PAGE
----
The bus rides are my favorite part about my time here in India. That might seem a little odd to some people because well it’s a bus ride, but every morning and every night I get to see the city of Mumbai, and it’s people, in a way that is completely my own.
I don’t have people shouting around me, the sun beating down on my back, horns swirling every which way (well that still happens, but I can’t hear them with my headphones in my ears) – it’s just me, my seat, and the view from my window. I reflect on the day I just had, and look forward to the day ahead of me. I know that I will be welcomed back to my air conditioned room with a comfortable bed, and a bottle of water – but what about all of the people I see sleeping on the streets as I stare out my window? With each passing slum I wonder what are the people who live there thinking? All I have ever known is luxury. I am fortunate enough to have parents who love and support me, and who provide me with everything that I need. Do the people living in the dirt and heat in Mumbai know any better? It seems that they must because there are so many billboards, malls, cars, and buildings surrounding them – built as if the people below don’t exist – it seems to me that it must be impossible for them to ignore the wealth around them, yet somehow I feel as if they do. The simplicity of the lives of the people I see as I look out the bus window, and the sobering effect it has on me is why I love these rides so much. As sad as it is to look out my window, and see such poverty I am overcome with humility, which is a rare feeling back in America. So, in my little corner on the bus I have found something so much greater than I could have ever expected to. I have a found a new source of inspiration in these nameless faces. Everything inspires me about these people. The families and children I see inspire me to respect everyone on a truly deeper level than I have ever before, they inspire me to cherish the people in my life, and to never take for granted the things I have been blessed with, they inspire to me share what I have seen, so that one day the next girl looking out the window might see a different Mumbai. Despite all of the heartache I have seen while in India, what inspires me most is how much joy can still be felt in the very heartbeat of the city.
The people of India are the warmest, and most infectious people I have ever met. Each day my spirit is renewed by their kind heartedness, and passion for life. As a film student studying Bollywood film, I have learned that song, and the passion of the Indian people are one and the same. Without exception every moment of an Indian’s life is celebrated with song – from birth to death, and everything in between. On Friday night, I was lucky enough to share in this part of Indian culture, and dance in a Bollywood item number. One of the lyrics from the song we were dancing to, “Lungi Dance,” says “Don’t miss your chance,” which I decided to use as the heading for my blog post because my time in India has taught me that you have to push yourself, and take every single adventure that comes your way. The only way to grow holistically as an individual is to never stop fighting. When I first got to India I was really afraid because of how outside of my comfort zone I was. Now, I can’t imagine my life without having had this experience.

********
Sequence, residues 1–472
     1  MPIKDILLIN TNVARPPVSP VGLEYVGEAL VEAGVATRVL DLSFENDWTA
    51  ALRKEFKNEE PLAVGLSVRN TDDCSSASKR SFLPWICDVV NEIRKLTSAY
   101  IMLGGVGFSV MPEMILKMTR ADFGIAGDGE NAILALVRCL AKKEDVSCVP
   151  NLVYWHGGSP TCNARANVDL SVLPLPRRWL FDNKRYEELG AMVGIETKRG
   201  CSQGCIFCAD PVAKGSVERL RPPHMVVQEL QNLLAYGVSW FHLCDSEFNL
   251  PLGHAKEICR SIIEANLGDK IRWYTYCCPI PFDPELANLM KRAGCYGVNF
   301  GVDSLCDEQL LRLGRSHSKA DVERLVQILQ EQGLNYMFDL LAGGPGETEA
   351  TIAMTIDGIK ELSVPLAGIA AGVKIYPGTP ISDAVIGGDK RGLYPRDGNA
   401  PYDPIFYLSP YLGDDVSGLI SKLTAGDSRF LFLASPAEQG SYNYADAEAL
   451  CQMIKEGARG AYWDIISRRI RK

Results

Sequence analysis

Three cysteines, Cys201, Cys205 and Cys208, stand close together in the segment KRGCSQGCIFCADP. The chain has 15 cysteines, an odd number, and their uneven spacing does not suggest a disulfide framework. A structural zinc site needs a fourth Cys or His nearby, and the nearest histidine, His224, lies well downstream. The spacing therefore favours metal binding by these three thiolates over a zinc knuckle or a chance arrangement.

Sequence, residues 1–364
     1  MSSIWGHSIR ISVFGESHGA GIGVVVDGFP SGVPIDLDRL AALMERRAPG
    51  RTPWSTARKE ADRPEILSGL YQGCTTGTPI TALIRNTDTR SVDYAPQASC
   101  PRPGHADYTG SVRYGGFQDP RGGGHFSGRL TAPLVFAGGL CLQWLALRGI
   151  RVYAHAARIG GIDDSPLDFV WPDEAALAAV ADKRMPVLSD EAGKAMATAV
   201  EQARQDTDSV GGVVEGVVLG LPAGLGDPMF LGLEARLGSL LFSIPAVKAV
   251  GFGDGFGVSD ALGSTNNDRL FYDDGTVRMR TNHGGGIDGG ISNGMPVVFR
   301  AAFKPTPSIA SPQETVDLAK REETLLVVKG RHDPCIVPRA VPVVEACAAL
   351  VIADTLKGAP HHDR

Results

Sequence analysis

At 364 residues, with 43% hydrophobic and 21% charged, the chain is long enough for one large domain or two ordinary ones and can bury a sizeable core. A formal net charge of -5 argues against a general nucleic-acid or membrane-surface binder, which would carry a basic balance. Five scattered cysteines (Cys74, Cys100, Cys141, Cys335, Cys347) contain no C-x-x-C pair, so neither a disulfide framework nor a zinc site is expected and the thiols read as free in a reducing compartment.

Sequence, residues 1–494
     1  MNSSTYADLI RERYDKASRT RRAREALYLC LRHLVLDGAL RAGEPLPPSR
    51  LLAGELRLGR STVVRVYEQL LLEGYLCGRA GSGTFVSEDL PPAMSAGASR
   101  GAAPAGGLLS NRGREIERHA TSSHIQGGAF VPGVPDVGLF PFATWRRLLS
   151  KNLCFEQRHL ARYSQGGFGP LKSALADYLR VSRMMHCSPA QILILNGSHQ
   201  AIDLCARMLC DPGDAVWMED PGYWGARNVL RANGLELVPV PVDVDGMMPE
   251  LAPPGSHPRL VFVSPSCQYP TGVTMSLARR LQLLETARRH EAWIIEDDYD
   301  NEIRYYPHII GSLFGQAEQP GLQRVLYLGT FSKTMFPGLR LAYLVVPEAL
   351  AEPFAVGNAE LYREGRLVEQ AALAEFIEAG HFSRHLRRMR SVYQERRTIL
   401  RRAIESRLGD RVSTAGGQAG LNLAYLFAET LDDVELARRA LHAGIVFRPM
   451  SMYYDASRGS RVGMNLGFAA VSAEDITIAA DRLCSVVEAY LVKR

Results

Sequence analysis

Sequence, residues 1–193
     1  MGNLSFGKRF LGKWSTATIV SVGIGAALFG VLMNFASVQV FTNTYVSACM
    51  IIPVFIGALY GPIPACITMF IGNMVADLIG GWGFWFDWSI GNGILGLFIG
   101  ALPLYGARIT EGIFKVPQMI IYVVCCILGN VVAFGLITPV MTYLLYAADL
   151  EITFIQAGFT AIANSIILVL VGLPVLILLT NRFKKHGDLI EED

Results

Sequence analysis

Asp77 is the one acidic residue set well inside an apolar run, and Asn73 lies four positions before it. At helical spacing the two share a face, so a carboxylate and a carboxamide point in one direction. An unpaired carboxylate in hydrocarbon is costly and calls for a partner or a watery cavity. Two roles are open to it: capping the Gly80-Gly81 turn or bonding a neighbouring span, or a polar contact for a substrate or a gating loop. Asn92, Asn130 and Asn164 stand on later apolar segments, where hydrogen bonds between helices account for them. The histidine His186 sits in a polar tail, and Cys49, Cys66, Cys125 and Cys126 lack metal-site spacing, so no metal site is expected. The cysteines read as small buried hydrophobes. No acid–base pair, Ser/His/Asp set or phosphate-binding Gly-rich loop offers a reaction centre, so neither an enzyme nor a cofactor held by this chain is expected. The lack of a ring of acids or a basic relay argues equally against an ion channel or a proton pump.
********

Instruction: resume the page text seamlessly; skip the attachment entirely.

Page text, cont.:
The other night my classmates and I were walking the tiny lanes of Veronica Road (a predominantly Christian part of India) where we suddenly found ourselves being beckoned to sing, dance, and celebrate in the streets. Without knowing why this celebration was happening we all joined in. All of these strangers from opposite sides of the planet were sharing a moment of complete and total joy, and it was magical. We later discovered that we had stumbled upon a Marati wedding, and true to Indian fashion we were welcomed with open arms. Had I not pushed through my fear of being somewhere so new I would have never had this memory to stay with me for the rest of my life.
Earlier, that day we ate lunch at Juhu Beach where, you guessed it, we were once again welcomed with open arms. This was a truly surreal experience for me because I have never experienced so much attention from anyone (let alone strangers) before in my life! As we stood there ordering our popsicles, I was approached by one onlooker who wanted to take a picture with me. Before I knew it, everyone around me wanted my picture! It was overwhelming and exhilarating all at the same time. Later that day we went to visit Salman Khan’s house, an extremely revered Bollywood actor, so loved that people stand out his house day in and day out hoping for a picture. Yet, you would think I was the celebrity there because again everyone wanted a picture with me! What intrigued me even more was that people also wanted me to take their picture. To see how excited they were to have me point my big, bulky black camera at them, and feel the flash go off in their face was so interesting to me. The whole day made me happy. It was a cool feeling knowing that just by being in a picture, or by taking a picture (both great souvenirs for me) I made someone smile.
Each day I spend here I realize so much about myself, and learn so much about the world. I can’t wait to see what makes me smile next.